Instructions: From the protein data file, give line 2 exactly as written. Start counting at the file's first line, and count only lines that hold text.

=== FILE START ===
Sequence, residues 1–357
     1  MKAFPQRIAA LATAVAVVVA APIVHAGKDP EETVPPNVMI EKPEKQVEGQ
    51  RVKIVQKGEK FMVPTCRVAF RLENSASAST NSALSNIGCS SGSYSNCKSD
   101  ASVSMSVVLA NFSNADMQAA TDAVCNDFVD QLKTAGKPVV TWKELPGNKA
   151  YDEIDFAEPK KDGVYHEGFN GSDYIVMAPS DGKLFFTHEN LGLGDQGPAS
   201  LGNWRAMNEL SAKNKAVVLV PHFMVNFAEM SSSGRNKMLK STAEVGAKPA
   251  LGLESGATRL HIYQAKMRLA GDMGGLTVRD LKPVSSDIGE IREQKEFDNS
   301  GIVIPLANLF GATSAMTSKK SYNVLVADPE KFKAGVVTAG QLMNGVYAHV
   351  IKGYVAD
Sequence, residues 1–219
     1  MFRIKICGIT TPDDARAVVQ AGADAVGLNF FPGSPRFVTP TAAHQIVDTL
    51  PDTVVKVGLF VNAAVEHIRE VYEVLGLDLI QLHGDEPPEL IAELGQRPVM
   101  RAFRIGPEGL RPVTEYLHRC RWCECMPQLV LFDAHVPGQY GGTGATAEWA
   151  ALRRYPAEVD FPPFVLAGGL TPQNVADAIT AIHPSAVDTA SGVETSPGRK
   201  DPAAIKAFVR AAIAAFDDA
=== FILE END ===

     1  MKAFPQRIAA LATAVAVVVA APIVHAGKDP EETVPPNVMI EKPEKQVEGQ